I live up at the end of a quiet street. The quiet was always something very attractive about this posting. All that ended when they started gutting and rebuilding the house next door. We’re told that they couldn’t get planning permission to raze the place to the ground. The Council insisted that something of the old remain. I imagine the construction costs are just as large. They didn’t rip the house down and build again. It will be a new house based on an old frame.

Many of us are given the option to reinvent ourselves a couple of times in adult life. Following a major life change, a divorce or a bereavement – or because we arrive at a point of life where we recognize that we could change tack completely.

The children have moved out. The dog has died. And so we take up the challenge.

How do you rebuild yourself when you have the option? You may want to keep a few things

When you remove the mouldering wallboard and strip off the roof, rip out the mixed hedge, knock down some of the interior partitions and make larger more functional rooms – is it the same house just because the exterior walls are standing.

We are all something old and new – there are a few fundamental principles which we want to retain – a few basic ideas about the universe – about family – about love, faith and generosity which we will continue to anchor ourselves in. Our house is not something so much like a house of cards that one change will cause the whole thing to tumble down.

The dreadful wallpaper, however, is optional – as is the layout of our small rooms which were never adequate to house all the people we love or to host the experiences which we value.

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Pause for Thought
BBC Radio 2
June, 2012

It’s my baby!

Not, of course, that it’s an actual baby complete with pram and rattle.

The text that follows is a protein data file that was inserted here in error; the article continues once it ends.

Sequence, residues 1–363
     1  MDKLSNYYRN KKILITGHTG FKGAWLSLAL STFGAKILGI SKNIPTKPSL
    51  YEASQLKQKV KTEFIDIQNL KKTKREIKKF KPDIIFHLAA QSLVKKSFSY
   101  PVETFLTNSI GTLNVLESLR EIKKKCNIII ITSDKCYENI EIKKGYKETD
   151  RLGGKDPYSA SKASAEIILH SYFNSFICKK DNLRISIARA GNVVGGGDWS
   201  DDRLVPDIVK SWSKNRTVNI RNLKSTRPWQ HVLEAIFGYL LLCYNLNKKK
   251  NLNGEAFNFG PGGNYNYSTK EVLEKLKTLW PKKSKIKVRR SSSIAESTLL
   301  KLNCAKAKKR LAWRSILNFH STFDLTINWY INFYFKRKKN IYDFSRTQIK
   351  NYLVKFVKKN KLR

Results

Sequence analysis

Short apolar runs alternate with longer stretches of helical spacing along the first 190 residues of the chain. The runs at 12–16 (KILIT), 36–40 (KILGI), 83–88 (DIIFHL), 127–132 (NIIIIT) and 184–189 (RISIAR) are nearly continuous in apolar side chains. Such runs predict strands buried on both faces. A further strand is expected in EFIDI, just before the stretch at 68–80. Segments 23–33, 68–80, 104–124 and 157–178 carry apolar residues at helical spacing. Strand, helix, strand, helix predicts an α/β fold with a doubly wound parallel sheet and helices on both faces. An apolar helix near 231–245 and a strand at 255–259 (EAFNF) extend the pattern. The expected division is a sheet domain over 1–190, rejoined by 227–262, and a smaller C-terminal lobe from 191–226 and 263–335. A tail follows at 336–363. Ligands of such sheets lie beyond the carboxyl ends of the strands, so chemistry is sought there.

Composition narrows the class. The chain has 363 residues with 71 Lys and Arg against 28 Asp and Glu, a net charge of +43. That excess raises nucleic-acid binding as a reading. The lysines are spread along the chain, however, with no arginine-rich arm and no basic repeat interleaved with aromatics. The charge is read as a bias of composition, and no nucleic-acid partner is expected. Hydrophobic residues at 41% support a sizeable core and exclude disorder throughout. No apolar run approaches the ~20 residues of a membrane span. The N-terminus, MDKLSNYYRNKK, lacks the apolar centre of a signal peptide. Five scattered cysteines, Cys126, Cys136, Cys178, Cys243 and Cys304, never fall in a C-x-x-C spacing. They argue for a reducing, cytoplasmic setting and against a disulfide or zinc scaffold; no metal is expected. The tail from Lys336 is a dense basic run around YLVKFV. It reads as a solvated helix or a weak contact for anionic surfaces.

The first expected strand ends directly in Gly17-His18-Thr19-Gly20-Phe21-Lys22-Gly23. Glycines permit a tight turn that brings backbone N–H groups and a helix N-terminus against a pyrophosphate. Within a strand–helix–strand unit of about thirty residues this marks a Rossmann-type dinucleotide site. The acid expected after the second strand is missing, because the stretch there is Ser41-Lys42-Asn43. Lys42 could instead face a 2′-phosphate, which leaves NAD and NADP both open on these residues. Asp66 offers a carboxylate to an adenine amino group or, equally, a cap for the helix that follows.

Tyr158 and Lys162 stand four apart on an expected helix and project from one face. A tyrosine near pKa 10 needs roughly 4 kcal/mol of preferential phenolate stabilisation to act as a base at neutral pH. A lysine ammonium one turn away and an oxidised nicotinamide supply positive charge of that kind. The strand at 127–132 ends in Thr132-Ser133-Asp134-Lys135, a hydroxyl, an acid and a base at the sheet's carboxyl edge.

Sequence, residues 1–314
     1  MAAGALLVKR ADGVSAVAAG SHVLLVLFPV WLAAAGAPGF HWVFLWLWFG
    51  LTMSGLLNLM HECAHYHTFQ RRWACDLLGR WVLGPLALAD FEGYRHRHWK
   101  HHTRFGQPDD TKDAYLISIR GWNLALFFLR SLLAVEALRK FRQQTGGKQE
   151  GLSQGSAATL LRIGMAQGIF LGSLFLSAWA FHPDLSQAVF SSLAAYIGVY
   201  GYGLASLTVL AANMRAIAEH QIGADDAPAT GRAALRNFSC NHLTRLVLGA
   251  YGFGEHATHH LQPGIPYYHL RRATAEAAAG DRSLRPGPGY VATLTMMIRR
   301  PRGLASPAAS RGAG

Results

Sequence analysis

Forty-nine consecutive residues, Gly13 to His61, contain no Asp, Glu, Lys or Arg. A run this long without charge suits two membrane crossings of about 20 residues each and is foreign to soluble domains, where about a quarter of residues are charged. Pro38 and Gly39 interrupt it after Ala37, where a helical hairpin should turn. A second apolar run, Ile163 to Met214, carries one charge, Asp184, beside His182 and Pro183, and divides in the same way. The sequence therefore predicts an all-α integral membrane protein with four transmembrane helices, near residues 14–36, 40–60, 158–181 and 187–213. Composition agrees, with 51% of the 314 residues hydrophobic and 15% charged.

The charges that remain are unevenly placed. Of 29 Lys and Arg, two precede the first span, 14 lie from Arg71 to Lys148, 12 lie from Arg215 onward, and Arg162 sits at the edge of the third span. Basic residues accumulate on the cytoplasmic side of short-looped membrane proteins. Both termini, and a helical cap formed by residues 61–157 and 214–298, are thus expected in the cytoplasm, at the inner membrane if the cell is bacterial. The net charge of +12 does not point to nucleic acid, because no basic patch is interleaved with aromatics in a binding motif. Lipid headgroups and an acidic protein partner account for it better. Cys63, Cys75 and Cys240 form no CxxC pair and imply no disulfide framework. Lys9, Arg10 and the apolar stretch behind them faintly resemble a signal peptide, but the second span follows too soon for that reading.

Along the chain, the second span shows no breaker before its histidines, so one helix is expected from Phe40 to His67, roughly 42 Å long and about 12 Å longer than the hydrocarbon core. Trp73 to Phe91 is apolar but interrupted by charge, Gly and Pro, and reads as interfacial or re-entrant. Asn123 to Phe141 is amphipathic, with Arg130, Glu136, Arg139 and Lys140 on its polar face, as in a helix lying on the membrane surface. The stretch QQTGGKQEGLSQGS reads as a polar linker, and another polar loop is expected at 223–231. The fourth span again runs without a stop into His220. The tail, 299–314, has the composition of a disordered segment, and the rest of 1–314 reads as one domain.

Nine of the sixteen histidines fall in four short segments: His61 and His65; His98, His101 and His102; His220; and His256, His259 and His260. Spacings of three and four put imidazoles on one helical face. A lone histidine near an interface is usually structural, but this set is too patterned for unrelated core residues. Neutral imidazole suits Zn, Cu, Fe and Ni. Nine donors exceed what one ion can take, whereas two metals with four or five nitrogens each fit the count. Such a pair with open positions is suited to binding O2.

It might be our job we’re talking about or the book we’re writing. It might be our role as chairman of some local committee or our involvement with some activity or group of people that we’ve committed ourselves to for a period of time. There’s nothing there, mind,which excludes the child we’ve raised, fretted over, chided and bored to death with our stories. It’s just that the metaphor is moveable. It can be widely applied.

As is the case with all things or people we are important to, we sometimes forget that we are not indispensable. If we suggest to ourselves and others that without us they could do nothing – that we are their beginning, middle and end – but this, more often than not – provides an occasion for us to be dropped gently on our backsides.

We announce that we are moving on and find ourselves surprised how quickly our former colleagues and our employers put the ad in the papers advertising the position and call a meeting where they discuss our attributes and our shortcomings. They make an honest assessment of the past few years and decide that not only do they want to do as well when we are ultimately replaced. They would like to do better. It is no longer our baby.

And what about our real honest-to-goodness babies? Even they – it would seem – need to develop apart from us. Too soon they begin receiving sustenance from sources other than us – start keeping their cards close to their chests. They discover mentors who are not their parents and ways of life which are not in keeping with what we want for them.

All good work takes on its own life – and a building block of wisdom, it would seem, is that we are participants in the Cosmos and not the authors of it. The people and the areas of work we love have their own life – they always have – and we would be happier keeping a light grip on it.